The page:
mediterranean cuisine

Albanian Cuisine

Written by aussietaste

The cuisine of Albania is influenced by Turkish, Italian cuisines, as well as ancient Greek and Illyrian, ancient Roman and Byzantine cooking. Every region in Albania and Kosovo has its own unique dishes. Albanian cuisine is characterised by the use of various Mediterranean herbs such as oregano, black pepper, mint, basil, rosemary and more in cooking meat and fish. Olive oil and butter is also a main ingredient in different dishes.

In Albania, meat (lamb, beef, rabbit and chicken) is used heavily in various dishes in most of the country. Seafood specialties are also common in the coastal areas such as Durrës, Vlorë, Shkoder, Lezhe and Sarandë.

Vegetables are used in almost every dish. Usually, Albanian farmers grow every vegetable present in the Mediterranean region and sell them at the local Farmers Market. Vegetables are brought fresh at the Farmers Market early in the morning and this market is opened everyday.

The main meal of the Albanians is lunch, which usually consists of gjellë, the main dish of slowly cooked meat, and a salad of fresh vegetables, such as tomatoes, cucumbers, green peppers, and olives. The salad is dressed with olive oil, vinegar, and salt.


  • Bread (Bukë) or Corn Bread (Bukë misri) – Are ever present on the Albanian table. Hence the expression for Going to eat a meal ( Albanian:për të ngrënë bukë) can be literally translated as Going to eat bread.
  • Chicken livers
  • Eggplant Appetisers
  • Dolma – A family of stuffed vegetable dishes common in the Balkans and surrounding regions, Middle East, the Caucasus ( most of these regions having a common Ottoman heritage), Russia, Central and South Asia. Common vegetables to stuff include tomato, pepper, onion, zucchini, and eggplant. Grape or cabbage leaves wrapped around a filling, which are strictly speaking called sarma, are also often called  dolma or yaprak dolma.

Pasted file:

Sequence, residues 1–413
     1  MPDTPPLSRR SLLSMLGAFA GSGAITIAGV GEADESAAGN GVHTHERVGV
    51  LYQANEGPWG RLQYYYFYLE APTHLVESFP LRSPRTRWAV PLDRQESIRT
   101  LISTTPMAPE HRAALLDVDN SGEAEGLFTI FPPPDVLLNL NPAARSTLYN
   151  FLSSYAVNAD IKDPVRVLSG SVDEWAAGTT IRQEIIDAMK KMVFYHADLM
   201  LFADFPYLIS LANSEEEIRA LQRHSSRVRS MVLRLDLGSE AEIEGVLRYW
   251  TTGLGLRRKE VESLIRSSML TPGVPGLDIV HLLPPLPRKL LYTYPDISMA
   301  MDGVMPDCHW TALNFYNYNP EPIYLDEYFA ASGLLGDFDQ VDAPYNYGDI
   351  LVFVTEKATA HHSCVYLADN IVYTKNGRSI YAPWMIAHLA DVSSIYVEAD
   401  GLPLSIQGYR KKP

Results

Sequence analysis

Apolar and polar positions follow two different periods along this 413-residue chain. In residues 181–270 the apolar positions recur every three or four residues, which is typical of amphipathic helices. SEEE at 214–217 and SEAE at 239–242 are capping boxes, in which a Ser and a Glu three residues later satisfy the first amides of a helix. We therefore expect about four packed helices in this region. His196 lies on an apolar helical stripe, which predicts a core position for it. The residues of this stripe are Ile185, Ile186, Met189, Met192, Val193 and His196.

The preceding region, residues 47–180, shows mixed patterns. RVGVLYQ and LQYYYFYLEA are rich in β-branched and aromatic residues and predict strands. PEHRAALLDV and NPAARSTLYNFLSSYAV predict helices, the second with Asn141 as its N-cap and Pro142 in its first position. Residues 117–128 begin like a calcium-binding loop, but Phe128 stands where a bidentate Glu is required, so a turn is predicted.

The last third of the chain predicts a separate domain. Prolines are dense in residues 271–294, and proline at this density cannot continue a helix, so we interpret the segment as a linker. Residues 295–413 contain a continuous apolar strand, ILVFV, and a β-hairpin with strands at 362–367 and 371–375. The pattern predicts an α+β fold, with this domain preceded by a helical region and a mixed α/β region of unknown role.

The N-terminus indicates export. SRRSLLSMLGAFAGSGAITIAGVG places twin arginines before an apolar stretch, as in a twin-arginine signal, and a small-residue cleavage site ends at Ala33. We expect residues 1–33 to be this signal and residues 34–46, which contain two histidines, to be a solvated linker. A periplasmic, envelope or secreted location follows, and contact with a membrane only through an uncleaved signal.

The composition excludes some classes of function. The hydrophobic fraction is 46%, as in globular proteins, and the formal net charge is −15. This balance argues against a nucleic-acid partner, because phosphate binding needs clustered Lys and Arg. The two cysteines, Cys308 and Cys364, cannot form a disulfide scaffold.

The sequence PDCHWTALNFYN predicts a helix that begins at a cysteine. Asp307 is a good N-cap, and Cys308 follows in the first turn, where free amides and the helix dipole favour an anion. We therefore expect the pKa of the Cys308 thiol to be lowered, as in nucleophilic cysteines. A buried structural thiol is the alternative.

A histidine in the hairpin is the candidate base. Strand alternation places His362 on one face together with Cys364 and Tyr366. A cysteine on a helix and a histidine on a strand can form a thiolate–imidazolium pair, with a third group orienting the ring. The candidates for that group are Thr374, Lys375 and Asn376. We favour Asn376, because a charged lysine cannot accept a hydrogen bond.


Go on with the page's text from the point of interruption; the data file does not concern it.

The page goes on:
• Pickled cabbage (Laker Turshi)
  • Fried sardines with lemon (Sarraga me Limon)
  • Albanian-style meze platters that include prosciutto ham, salami and brined cheese, accompanied with roasted capsicum and/or green olives marinated in olive oil with garlic, and hummus.
  • Papare: bread leftovers cooked with water, egg, and Gjize (a special type of Ricotta)


  • Albanian potato salad
  • Albanian tossed salad
  • Bean salad
  • Cabbage salad
  • Tomato and pepper salad


  • Bean Jahni Soup – Jani me Fasul – A traditional Albanian recipe for a white bean soup in a tomato and onion sauce.
  • Albanian Potato and Cabbage Soup – In Albania, soups are served right after the appetisers. The consistency of foods in an Albanian meal increases gradually, from the starters to the meat dishes that have the greatest density.
  • Soup with lemon –
  • Tarator (or Taratur) – A traditional Balkan dish. It is a cold soup (or a liquid salad), popular in the summertime in Albania, Armenia, Bulgaria, the Republic of Macedonia, southeastern Serbia, Turkey, Azerbaijan, Iraq, Iran, Lebanon, Syria, Jordan, Israel, Palestine, Armenia and in Cyprus (where it is known as Ttalattouri). It is made of yoghurt, cucumber, garlic, walnut, dill, vegetable oil, and water, and is served chilled or even with ice.
  • Trahana

Fish in Albanian cuisine

  • Oven-baked trout with onions and tomatoes
  • Baked fish with olive oil and garlic
  • Baked carp or eel

Meat in Albanian cuisine

  • Tavë kosi, baked lamb and yogurt dish
  • veal or chicken with walnuts*Fërgesë of Tirana with Veal
  • Fried meatballs or, Qoftetë fërguara.